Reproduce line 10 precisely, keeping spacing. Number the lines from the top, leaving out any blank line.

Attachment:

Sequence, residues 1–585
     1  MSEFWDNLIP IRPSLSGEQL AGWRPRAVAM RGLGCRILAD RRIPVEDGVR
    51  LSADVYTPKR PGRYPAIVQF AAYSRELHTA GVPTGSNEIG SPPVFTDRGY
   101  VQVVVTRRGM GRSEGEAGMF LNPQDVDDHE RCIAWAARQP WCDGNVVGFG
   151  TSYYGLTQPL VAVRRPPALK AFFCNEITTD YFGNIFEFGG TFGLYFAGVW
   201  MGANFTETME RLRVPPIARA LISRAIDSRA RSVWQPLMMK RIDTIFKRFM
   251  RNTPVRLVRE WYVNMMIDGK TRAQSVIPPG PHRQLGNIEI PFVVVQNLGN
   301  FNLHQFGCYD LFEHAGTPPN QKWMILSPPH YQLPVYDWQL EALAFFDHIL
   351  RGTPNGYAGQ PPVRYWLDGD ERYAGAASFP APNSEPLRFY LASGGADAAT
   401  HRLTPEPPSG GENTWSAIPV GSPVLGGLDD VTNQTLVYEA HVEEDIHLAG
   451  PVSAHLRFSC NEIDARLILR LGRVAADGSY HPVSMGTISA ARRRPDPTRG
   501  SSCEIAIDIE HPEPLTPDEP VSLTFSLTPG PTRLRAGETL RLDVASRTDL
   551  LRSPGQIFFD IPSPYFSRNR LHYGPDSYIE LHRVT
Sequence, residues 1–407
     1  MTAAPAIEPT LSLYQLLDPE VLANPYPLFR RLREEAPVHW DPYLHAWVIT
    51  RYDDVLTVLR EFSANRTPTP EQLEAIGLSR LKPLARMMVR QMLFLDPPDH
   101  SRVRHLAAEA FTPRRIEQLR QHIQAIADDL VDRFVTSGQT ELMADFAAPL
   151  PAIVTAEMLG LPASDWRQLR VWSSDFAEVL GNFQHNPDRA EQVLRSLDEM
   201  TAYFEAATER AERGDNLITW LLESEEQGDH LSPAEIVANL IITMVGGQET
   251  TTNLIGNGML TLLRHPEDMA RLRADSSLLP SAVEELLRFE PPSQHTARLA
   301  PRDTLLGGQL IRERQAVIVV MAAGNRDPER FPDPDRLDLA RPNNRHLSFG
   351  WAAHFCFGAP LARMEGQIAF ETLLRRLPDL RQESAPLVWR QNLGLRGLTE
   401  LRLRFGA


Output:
   401  HRLTPEPPSG GENTWSAIPV GSPVLGGLDD VTNQTLVYEA HVEEDIHLAG